The 32nd The Golden Age of Illustration
March 02, 2004 - June 06, 2004
It was in the 1960s that illustration, a genre indispensable to any discussion of contemporary graphic art in Japan, first began attracting attention. During a period lasting roughly 20 years, a host of unique illustrators were active in subculture magazines such as "Hanashi no Tokushu" and "Bikkuri House" and in the advertising media – ads for PARCO, for example – forging what might truly be called a golden era.
"The Golden Age of Illustration" explored this glorious period in the nation's illustration culture, demonstrating both the diversity and appeal of Japanese illustration. The exhibition was guest curated by Ryoichi Enomoto, an expert who has long been deeply involved in Japan's illustration scene as editor, critic and producer.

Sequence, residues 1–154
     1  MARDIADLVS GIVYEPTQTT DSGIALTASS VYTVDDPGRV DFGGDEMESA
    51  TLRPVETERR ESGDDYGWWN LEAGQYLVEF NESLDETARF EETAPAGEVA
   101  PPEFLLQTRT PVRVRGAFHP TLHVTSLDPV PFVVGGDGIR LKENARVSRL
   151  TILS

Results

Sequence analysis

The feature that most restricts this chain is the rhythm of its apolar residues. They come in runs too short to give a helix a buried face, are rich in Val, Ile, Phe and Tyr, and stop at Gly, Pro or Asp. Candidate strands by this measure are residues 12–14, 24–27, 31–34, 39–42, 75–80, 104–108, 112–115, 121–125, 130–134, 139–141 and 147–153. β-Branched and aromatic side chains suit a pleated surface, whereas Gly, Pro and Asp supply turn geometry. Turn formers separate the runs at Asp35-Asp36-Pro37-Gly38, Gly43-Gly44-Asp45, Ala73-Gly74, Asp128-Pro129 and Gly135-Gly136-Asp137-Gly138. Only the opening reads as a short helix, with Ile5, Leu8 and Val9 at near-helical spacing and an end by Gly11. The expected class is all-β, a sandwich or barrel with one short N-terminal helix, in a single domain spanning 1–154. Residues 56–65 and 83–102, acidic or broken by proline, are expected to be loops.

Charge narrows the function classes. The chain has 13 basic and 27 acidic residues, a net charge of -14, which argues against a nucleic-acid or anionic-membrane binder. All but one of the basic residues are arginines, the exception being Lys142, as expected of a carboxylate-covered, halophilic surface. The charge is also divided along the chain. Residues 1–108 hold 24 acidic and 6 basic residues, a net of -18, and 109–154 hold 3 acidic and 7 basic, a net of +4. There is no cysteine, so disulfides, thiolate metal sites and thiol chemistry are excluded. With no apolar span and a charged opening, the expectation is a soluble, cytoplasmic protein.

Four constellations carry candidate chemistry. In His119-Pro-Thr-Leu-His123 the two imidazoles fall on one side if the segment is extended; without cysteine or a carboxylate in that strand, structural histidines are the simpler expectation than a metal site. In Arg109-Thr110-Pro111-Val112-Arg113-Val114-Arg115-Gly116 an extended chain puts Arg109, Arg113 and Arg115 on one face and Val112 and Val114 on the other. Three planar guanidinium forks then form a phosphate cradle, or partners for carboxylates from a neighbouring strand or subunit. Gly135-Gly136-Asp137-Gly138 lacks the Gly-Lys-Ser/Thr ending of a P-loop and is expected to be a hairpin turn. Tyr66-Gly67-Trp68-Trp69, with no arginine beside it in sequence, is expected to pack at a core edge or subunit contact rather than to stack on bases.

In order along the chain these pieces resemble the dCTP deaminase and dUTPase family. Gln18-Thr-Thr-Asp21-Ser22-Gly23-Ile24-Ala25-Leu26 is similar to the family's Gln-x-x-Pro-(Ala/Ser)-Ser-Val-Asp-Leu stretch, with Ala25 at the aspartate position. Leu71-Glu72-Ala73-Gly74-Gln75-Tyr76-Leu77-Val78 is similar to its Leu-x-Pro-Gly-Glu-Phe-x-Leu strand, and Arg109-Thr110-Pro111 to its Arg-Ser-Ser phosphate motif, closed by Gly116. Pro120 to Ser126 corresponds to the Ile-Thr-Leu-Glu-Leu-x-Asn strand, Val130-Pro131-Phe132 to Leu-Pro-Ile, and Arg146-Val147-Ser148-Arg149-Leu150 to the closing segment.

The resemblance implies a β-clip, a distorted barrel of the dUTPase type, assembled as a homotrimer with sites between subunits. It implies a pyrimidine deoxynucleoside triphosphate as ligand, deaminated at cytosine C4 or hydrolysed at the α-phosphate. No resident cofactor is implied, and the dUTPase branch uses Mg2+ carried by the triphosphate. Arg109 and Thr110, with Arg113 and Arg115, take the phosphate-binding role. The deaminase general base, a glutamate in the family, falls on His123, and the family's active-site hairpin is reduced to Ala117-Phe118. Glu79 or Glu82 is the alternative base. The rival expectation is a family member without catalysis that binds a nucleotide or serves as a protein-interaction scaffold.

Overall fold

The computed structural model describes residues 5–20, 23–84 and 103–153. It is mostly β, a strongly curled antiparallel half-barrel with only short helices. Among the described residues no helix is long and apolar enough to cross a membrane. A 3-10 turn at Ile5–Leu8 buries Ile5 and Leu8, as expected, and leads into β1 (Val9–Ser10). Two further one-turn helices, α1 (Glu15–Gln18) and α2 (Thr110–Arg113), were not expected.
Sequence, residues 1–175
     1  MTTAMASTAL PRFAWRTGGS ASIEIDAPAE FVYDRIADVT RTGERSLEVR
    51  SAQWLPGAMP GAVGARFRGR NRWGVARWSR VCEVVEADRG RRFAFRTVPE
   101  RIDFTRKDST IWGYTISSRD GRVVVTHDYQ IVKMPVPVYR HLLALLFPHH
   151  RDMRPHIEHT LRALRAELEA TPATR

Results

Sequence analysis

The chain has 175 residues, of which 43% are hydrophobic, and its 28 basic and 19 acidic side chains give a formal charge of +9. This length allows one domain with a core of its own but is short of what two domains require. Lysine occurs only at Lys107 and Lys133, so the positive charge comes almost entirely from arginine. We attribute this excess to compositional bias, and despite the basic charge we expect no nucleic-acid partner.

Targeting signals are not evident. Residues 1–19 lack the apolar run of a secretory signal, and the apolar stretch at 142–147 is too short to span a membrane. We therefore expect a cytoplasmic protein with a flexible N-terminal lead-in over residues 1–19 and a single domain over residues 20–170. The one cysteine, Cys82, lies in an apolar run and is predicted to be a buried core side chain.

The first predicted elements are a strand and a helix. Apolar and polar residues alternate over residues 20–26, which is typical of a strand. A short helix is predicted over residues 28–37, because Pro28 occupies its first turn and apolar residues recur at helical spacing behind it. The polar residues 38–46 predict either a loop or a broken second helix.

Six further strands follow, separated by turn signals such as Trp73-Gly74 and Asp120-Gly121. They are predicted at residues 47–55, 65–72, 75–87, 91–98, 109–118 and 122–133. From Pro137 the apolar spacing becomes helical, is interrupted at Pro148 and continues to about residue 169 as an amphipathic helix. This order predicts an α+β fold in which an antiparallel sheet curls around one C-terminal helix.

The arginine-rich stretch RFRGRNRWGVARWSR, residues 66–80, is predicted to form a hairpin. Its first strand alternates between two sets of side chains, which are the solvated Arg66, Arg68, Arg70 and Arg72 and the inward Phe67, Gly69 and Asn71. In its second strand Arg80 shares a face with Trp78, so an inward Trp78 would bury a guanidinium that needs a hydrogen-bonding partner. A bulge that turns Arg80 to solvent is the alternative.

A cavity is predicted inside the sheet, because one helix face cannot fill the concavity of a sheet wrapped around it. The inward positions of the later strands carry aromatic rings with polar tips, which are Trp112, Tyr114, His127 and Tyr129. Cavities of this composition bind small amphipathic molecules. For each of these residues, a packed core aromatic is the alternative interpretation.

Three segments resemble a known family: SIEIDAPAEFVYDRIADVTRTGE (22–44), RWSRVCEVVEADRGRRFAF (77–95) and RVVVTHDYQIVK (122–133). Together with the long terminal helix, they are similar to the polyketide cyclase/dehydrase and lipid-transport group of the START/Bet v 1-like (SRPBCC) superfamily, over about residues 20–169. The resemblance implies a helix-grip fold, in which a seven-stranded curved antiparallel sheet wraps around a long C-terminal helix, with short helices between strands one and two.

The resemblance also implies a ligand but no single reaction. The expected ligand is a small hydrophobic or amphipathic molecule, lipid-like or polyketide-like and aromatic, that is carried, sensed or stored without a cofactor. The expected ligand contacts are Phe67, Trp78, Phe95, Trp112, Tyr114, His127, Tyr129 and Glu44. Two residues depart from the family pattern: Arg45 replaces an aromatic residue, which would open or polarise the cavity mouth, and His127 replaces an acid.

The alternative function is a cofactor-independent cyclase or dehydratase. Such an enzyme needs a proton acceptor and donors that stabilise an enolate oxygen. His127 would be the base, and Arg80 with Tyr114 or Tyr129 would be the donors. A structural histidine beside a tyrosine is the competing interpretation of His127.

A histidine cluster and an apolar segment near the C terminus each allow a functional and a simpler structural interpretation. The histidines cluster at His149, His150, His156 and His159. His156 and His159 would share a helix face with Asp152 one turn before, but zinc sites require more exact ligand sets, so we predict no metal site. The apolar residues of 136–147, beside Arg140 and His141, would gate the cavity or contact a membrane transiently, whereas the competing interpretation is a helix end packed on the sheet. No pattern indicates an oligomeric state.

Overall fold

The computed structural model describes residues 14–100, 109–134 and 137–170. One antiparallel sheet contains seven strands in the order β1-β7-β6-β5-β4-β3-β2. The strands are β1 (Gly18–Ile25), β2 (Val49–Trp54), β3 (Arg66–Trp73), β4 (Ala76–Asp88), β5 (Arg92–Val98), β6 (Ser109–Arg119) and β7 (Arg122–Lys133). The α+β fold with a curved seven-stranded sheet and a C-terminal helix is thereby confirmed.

The show brought together some 400 works – posters, advertisements, original drawings, magazines, illustrations, sundry goods, etc. – by illustrator groups active during those golden days – e.g. Studio Ilfil, 100% Studio and Palette Club – and 11 illustrators who were involved in magazines such as "Hanashi no Tokushu," "Bikkuri House" and "New Music Magazine."